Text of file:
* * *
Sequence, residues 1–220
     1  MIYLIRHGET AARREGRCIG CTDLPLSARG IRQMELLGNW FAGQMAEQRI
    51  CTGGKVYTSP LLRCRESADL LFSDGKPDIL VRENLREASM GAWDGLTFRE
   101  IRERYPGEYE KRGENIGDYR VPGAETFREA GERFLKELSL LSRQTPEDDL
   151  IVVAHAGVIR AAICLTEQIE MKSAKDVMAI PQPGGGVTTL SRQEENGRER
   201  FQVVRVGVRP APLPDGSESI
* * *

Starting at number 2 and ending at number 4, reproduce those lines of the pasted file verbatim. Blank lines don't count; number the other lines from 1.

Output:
     1  MIYLIRHGET AARREGRCIG CTDLPLSARG IRQMELLGNW FAGQMAEQRI
    51  CTGGKVYTSP LLRCRESADL LFSDGKPDIL VRENLREASM GAWDGLTFRE
   101  IRERYPGEYE KRGENIGDYR VPGAETFREA GERFLKELSL LSRQTPEDDL